by Stephen Tall on January 28, 2012
Much wailing and gnashing of teeth today on the right as evidence emerges that David Cameron is backsliding on his ‘veto’ preventing the European Union from enforcing fiscal integration among the Eurozone countries. Here’s how The Guardian reports it:
Ahead of Monday’s summit of EU leaders, which is due to finalise “political agreement” on the fiscal compact treaty, the government signalled that it would not challenge a role for the European commission and, more sensitively, would also allow resort to the European court of justice (ECJ) in Luxembourg to enforce new debt ceilings and fines for fiscal miscreants in the eurozone. ..
Cameron is understood to have made it clear to José Manuel Barroso, the president of the European commission, in a telephone call on Wednesday that Britain would no longer object to using the ECJ to enforce the new treaty. … Cameron’s concession marks a significant watering down of his previous position and represents a victory for Nick Clegg, who has been urging the prime minister to recover ground after wielding the veto. The deputy prime minister lobbied hard inside Whitehall for Cameron to drop his objections to the use of EU institutions to enforce the compact.
There’s good reason for Nick Clegg’s stance. The only way the UK would be able forcibly to prevent Eurozone countries from making use of the European court of justice would to challenge it in the courts. Legally there’s no guarantee such a challenge would work. And politically it would pit the UK against the vast majority of its neighbours who have signed-up to use the ECJ — not a smart move.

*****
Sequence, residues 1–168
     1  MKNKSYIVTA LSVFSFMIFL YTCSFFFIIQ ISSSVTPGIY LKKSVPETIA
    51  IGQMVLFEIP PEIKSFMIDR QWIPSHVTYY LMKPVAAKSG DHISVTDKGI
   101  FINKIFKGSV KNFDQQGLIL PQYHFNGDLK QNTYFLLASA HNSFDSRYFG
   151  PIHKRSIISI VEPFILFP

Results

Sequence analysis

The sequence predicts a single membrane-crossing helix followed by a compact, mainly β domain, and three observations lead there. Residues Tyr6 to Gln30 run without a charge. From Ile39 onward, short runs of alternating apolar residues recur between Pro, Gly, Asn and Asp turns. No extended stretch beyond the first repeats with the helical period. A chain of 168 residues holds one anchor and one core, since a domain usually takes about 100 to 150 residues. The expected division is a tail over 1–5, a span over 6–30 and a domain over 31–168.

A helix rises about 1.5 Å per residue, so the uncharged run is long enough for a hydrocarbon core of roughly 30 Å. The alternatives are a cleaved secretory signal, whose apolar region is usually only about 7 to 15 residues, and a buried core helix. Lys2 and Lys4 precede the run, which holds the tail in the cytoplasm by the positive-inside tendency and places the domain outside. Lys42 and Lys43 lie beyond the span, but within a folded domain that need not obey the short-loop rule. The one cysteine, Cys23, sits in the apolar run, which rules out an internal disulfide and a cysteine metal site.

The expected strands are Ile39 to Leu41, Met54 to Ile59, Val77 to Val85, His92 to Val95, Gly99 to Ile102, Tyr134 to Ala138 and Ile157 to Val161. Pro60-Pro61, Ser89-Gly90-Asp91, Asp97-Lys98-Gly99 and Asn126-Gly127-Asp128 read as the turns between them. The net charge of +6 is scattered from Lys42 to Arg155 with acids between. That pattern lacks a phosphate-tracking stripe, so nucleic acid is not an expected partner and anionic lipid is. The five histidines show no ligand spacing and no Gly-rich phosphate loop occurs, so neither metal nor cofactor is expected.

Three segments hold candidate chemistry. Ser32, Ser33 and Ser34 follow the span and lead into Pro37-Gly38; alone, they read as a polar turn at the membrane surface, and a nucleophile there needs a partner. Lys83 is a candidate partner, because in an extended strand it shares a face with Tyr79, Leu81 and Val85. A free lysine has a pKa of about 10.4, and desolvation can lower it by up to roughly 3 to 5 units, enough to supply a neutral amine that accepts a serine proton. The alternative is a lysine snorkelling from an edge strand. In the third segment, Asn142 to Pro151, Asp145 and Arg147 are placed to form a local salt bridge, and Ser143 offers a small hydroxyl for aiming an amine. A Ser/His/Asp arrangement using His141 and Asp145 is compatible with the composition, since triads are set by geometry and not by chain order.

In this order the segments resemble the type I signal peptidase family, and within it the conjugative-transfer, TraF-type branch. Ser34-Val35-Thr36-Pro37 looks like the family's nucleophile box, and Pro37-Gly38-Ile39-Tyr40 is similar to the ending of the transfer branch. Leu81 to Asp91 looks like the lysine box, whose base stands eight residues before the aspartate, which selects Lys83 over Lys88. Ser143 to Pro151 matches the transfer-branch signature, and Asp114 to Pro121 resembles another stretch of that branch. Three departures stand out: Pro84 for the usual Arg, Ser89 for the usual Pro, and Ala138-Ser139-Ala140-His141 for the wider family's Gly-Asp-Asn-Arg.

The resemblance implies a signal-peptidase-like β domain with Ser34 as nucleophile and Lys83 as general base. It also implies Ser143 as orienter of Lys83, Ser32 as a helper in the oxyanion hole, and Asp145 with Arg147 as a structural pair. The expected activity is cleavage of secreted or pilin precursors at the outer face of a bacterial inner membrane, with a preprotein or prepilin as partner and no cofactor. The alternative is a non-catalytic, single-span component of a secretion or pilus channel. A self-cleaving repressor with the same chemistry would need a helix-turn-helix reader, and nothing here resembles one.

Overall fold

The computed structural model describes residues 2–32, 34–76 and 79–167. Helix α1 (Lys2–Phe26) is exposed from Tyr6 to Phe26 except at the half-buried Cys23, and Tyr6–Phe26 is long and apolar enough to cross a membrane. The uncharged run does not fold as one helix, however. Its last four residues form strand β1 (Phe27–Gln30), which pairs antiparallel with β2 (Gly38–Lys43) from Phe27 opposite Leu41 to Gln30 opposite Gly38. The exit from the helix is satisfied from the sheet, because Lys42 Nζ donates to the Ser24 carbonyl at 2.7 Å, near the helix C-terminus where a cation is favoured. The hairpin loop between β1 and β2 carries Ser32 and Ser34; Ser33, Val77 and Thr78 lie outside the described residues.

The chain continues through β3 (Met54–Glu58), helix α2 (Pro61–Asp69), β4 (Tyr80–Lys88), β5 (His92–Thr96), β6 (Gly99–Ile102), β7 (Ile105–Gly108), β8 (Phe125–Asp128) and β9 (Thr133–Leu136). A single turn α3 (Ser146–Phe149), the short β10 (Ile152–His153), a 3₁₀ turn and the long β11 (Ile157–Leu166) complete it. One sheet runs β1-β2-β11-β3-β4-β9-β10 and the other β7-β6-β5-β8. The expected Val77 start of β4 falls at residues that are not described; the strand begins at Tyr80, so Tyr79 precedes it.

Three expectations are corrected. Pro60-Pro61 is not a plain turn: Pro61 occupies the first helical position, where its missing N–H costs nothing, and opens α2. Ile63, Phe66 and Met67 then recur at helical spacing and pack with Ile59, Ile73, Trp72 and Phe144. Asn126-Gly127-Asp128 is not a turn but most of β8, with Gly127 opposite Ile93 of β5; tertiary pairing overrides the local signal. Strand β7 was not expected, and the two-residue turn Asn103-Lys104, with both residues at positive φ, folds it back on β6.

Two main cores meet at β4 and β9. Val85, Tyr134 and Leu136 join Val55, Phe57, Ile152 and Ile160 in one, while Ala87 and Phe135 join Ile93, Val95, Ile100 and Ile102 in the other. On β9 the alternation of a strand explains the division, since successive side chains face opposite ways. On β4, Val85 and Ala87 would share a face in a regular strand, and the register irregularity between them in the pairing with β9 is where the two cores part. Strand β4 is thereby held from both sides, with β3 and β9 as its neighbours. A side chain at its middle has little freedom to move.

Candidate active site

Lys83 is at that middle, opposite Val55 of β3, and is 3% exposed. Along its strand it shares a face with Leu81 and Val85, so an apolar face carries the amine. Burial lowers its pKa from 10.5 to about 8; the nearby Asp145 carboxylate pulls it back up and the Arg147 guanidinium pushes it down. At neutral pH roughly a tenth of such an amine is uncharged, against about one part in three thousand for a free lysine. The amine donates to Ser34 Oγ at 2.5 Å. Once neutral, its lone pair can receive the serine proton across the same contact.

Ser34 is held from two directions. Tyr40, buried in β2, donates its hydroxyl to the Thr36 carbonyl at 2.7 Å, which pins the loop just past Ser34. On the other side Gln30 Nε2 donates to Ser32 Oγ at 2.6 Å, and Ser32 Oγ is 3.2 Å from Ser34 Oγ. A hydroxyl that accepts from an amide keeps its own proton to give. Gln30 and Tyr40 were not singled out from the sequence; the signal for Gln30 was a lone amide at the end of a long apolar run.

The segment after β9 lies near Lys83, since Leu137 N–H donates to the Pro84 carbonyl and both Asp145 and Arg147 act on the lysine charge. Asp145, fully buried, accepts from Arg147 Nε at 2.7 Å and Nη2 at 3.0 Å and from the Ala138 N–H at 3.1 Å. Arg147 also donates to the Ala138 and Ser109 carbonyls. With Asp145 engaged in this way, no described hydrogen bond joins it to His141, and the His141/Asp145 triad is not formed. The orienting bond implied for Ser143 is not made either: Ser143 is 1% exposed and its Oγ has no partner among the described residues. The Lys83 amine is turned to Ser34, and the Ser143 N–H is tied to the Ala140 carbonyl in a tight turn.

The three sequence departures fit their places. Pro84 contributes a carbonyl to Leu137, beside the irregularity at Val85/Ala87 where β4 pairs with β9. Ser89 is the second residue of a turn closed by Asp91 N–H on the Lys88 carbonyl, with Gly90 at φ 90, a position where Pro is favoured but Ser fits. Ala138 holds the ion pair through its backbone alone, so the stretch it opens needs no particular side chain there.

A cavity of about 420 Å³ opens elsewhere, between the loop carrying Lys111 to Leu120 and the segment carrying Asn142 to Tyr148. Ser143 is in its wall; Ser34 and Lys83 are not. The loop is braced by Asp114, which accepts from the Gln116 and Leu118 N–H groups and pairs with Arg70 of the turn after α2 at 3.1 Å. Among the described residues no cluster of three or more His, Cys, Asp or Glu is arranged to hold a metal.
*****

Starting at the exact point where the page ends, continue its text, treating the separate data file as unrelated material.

Mr Cameron has landed the UK in neither a winning nor an attractive position. But that is what happens when — as the Prime Minister did in December — you issue an ultimatum without laying the necessary groundwork, and then walk out of the negotiations before you can gain any concessions.
Of course, none of this may now matter to Mr Cameron. His ‘veto’, however unintentional, earned him rave reviews from his backbenchers and the right-wing media, and is credited with providing the Tories with the polling boost that has seen them overtake Labour, piling more pressure on the beleaguered Ed Miliband. That just a few weeks later the Prime Minister now backs down over technicalities such as the ECJ, which few will understand or care about, will probably matter little to the political mood music.
But the stark truth of the matter is that Mr Cameron’s cack-handed negotiating has delivered nothing of lasting significance for the UK.